“TrueNorth” is a new computer chip that has been developed by scientists to mimic the organisation of the brain. Just three millimetres in width, it consists of a grid of one million “neurons” each connecting to 256 other neurons. The result is over 256 million connections, or “synapses”, between them. By working together, the neurons are able to identify the most important features in a visual scene in real time.

The project was first launched by American technology company IBM in 2011, but since then a number of other companies have also become involved. The details of the new chip are published in the journal Science. Dr Dharmendra Modha, the publication’s senior author, told the BBC that it was “a new machine for a new era”. He said that he foresees a wide range of next-generation applications, from glasses that help visually impaired people navigate, to robots that can investigate disaster scenes. Its capabilities are more advanced than other computer chips, which is the result of the processor being “endlessly scaleable”, according to Modha. “This isn’t a 10-15% improvement,” he said. “You’re talking about orders and orders of magnitude.”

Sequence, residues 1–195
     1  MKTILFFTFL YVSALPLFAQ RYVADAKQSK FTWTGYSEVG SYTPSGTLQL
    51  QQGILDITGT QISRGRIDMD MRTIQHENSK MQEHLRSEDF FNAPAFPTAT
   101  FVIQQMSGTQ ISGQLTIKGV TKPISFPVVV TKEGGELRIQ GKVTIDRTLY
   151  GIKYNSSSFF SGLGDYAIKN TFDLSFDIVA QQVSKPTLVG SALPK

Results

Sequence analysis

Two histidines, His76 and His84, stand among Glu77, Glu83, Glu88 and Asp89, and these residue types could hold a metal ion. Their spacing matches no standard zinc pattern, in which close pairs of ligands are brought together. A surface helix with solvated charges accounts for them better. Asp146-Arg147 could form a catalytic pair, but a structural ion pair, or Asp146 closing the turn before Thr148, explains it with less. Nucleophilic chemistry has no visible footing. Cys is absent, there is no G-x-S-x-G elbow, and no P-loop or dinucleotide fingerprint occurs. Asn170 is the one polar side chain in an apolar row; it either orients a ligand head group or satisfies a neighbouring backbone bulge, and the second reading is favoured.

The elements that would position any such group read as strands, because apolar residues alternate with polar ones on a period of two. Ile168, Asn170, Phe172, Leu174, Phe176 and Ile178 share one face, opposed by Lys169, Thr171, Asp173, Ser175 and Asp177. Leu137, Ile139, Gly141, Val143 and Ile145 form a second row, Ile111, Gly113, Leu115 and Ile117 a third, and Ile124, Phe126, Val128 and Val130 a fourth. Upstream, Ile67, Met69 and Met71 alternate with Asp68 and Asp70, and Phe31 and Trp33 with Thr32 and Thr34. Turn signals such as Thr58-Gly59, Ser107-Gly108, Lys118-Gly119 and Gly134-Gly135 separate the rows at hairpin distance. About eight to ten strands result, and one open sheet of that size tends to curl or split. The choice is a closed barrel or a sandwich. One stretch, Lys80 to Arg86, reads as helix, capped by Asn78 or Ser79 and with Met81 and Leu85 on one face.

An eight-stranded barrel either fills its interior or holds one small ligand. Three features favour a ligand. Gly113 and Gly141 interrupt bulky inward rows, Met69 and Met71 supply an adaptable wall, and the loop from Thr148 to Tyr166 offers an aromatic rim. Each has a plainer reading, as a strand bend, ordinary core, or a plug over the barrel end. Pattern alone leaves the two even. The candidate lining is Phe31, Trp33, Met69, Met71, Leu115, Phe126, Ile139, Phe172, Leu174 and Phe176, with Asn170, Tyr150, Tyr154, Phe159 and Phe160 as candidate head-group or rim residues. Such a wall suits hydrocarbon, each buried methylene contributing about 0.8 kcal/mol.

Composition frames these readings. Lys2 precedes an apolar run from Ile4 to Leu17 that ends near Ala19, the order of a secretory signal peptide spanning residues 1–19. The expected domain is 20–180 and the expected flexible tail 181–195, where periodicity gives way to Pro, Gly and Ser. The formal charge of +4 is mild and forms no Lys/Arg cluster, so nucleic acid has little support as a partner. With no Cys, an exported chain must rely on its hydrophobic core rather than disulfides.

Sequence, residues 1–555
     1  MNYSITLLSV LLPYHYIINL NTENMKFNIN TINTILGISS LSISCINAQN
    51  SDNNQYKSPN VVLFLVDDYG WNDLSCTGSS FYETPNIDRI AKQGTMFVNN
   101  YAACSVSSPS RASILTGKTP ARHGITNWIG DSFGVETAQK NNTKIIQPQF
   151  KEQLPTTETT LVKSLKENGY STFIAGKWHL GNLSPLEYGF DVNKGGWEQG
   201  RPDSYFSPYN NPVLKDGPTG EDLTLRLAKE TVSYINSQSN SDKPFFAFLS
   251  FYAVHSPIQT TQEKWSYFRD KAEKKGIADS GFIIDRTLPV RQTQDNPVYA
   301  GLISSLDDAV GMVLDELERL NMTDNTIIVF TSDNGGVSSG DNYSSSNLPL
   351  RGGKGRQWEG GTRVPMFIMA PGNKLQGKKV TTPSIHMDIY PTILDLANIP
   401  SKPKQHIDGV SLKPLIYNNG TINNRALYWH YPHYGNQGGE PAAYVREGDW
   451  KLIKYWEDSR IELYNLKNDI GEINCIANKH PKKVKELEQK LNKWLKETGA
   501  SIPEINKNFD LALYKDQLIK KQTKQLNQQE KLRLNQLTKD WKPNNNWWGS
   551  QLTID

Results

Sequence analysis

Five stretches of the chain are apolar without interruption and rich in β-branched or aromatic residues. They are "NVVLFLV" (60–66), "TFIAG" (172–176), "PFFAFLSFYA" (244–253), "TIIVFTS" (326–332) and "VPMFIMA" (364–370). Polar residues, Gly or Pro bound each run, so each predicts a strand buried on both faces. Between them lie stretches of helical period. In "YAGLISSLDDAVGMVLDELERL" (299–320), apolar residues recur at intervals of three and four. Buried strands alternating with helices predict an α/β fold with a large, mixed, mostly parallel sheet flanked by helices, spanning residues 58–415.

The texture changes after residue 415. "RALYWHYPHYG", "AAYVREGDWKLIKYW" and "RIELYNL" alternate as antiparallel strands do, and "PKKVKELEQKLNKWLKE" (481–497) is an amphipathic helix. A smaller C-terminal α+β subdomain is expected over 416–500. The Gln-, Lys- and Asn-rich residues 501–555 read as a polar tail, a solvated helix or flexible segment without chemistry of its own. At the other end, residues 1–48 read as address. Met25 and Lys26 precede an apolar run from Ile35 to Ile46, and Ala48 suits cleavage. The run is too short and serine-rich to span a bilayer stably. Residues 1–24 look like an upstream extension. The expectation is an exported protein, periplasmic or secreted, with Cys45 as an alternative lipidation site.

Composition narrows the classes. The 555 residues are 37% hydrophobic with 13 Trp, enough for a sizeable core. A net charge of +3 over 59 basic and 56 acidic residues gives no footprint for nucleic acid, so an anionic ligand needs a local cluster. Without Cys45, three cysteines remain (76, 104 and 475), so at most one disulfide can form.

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Your USB drives could cause serious injuries

The ubiquitous USB is ‘critically flawed’ after bug discovery, researchers say. Dave Lee, Technology reporter, BBC News says that cyber-security experts have dramatically called into question the safety and security of using USB to connect devices to computers. Berlin-based researchers Karsten Nohl and Jakob Lell demonstrated how any USB device could be used to infect a computer without the user’s knowledge. The duo said there is no practical way to defend against the vulnerability.

The body responsible for the USB standard said manufacturers could build in extra security. It is not uncommon for USB sticks to be used as a way of getting viruses and other malicious code onto target computers. Most famously, the Stuxnet attack on Iranian nuclear centrifuges was believed to have been caused by an infected USB stick.  However, this latest research demonstrated a new level of threat – where a USB device that appears completely empty can still contain malware, even when formatted.
Don’t say you weren’t warned.
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Business plans for the 21st century

Previous articles in this series have looked at the whys and whats of business plans. John Stokdyk and the AccountingWEB team complete the series by looking at how people compile their plans and ask why they have proved so resistant to technological change.

The content, structure and composition of business plans have changed relatively little over the past decade. And the same could be said of the techniques used to create them. The web and other technologies such as tablets and smartphones offer a wealth of new ways to both create and communicate business plans. But the tools most people used 10 years ago – Microsoft Word, PowerPoint and Excel – are just as ubiquitous in 2014.